• John D. Sailer, a fellow at the National Association of Scholars, wrote an opinion piece in The Wall Street Journal in February in which he described how Texas Tech University used diversity statements in the hiring process for a faculty job in biology, drawing on documents obtained through a public-records request. Shortly after, Texas Tech announced it would stop using diversity statements.
Defenders of diversity statements
• Charlotte M. Canning and Richard J. Reddick, professors at the University of Texas at Austin, wrote in The Review that diversity statements are “a way to strengthen the academy’s mission to serve all of its constituencies with integrity and fairness.”
• Brian Soucek, a professor of law at the University of California at Davis, leaves it to others to decide whether diversity statements are effective at achieving their goals but argued in The Review that they can be constitutional, depending on how they are used. He explored the legal issues at greater length in the UC-Davis Law Review.
• Tabbye Chavous, who is now vice provost for equity and inclusion and chief diversity officer at the University of Michigan at Ann Arbor, made the case for diversity statements in a Q. & A. on its website here.
• The Foundation for Individual Rights and Expression conducted a survey last year that found faculty members sharply divided on the use of diversity statements in hiring; Kate Marijolovic wrote about the survey for The Chronicle. FIRE released model legislation in February aimed at curbing the misuse of diversity statements.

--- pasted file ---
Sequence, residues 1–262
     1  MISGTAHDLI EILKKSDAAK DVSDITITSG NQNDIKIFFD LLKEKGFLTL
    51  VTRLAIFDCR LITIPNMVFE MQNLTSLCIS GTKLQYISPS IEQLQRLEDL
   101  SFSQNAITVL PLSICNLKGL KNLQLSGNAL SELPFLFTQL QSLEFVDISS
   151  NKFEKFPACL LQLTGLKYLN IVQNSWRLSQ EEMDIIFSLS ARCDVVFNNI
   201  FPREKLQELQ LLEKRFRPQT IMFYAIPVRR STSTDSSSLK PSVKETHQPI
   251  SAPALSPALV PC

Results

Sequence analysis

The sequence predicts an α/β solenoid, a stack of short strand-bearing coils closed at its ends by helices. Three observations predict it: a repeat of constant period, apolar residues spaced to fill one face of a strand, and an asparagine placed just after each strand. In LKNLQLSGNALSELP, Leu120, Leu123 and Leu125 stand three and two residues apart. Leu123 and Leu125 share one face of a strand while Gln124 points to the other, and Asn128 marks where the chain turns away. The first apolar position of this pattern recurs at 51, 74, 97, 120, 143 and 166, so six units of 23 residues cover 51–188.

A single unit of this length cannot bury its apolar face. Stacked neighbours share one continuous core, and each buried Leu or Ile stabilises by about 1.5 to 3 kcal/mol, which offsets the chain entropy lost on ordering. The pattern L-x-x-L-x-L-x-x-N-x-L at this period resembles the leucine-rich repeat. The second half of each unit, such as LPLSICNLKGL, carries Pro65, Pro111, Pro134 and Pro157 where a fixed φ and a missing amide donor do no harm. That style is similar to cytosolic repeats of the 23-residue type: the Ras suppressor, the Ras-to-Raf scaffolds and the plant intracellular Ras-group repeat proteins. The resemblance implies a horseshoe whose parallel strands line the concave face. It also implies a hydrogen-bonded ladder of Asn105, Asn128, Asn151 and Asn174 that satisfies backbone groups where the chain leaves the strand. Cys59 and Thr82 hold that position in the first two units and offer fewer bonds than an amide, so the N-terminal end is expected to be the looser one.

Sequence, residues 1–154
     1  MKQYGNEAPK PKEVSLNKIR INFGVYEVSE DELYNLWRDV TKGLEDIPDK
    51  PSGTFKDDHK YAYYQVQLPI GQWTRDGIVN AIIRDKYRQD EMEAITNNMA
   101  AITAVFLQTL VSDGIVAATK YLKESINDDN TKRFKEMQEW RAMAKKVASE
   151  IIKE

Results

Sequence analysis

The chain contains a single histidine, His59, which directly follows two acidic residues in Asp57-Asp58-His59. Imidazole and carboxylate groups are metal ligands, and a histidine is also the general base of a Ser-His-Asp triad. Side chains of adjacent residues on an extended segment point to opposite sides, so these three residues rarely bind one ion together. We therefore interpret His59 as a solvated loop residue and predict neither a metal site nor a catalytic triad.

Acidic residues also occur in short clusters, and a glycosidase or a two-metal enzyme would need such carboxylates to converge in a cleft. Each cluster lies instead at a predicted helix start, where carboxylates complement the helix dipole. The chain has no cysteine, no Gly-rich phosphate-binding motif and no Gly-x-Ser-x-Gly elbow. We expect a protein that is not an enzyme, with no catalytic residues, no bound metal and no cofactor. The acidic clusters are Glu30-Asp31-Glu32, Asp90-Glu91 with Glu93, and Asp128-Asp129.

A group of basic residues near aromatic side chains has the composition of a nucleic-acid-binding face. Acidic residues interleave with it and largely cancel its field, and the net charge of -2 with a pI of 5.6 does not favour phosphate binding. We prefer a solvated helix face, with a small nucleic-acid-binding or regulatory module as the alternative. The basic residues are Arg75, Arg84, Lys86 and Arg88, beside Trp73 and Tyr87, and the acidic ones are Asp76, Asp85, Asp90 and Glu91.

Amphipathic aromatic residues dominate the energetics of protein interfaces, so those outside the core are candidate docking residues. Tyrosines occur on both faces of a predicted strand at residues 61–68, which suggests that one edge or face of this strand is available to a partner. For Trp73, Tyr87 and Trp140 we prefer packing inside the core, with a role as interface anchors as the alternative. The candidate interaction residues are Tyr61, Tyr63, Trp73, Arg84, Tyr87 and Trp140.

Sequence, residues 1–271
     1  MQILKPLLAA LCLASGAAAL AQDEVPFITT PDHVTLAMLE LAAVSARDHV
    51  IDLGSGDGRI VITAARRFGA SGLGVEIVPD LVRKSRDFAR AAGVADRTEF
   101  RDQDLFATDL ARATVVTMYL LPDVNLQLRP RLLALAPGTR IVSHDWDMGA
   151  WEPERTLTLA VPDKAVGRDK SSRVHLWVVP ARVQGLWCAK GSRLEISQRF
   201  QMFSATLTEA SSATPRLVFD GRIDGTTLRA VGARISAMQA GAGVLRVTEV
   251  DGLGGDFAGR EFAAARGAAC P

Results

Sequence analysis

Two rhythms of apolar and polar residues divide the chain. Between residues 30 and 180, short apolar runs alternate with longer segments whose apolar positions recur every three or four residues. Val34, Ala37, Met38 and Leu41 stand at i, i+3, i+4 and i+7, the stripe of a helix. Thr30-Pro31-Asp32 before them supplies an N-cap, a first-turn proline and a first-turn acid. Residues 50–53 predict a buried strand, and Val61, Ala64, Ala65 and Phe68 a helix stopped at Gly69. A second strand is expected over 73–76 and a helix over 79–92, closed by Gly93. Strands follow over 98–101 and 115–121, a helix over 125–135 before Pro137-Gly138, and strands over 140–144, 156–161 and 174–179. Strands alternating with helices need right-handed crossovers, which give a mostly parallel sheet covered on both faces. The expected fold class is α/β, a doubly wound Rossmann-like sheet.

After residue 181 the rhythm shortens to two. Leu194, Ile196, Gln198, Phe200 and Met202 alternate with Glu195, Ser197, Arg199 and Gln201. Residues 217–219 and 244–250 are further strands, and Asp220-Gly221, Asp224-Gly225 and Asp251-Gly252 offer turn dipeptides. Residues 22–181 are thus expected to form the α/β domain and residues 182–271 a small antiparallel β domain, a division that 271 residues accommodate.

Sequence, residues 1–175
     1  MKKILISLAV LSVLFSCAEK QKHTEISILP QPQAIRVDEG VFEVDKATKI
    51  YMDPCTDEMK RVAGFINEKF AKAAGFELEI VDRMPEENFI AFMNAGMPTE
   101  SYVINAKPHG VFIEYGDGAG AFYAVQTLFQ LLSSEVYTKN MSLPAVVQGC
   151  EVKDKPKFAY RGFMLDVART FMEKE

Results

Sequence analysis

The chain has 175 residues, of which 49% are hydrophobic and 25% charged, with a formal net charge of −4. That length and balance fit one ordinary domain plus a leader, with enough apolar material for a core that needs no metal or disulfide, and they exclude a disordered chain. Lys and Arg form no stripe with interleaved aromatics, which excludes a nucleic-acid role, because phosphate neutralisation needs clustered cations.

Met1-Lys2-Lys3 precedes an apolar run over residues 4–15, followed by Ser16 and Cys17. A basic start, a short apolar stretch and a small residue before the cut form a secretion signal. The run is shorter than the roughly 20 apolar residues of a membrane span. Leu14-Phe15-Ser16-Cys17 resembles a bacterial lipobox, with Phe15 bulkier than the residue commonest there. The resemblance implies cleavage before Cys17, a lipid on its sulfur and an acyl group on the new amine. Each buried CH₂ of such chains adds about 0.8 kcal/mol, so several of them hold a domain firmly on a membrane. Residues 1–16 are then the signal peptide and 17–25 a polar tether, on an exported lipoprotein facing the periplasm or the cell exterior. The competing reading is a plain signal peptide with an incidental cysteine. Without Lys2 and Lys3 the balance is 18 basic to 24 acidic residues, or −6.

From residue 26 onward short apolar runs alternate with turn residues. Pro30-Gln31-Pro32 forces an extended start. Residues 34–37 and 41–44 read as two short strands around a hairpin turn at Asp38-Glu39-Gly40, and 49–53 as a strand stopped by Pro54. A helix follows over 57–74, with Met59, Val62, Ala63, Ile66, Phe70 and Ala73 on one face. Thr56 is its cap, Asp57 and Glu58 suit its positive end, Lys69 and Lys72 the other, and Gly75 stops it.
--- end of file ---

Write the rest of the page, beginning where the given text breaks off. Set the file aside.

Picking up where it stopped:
• Ching-Yune C. Sylvester, Laura Sánchez-Parkinson, Matthew Yettaw, and Tabbye Chavous from the University of Michigan analyzed diversity statements from 39 job candidates for assistant-professor positions to form a framework that can be used by job applicants writing diversity statements and reviewers evaluating the statements.
• Sara P. Bombaci and Liba Pejchar from Colorado State University surveyed more than 200 diversity, equity, and inclusion experts and found that few institutions provide guidance on how to use diversity statements effectively in the hiring process. They created a framework to evaluate diversity, equity, and inclusion in the hiring process.
- Virginia Military Institute’s first chief diversity officer resigned last week, about two years after taking on the position. Jamica Love was hired shortly before then-Gov. Ralph Northam, a Democrat, published an investigation that described the college’s racial climate, finding that racism and sexism were present and tolerated on campus. (The Washington Post)
- Some academics have tried to answer this question for years: What do Americans owe Black Americans after slavery and segregation? Now, the question is in the hands of Democrats who embraced reparations after the murder of George Floyd in 2020. (The New York Times)
- New America, a think tank, examined how much tuition, state, and local revenue public colleges in each state received per student during the 2019-20 academic year. The research found that underrepresented minority students got on average less funding than their non-minority peers. (New America)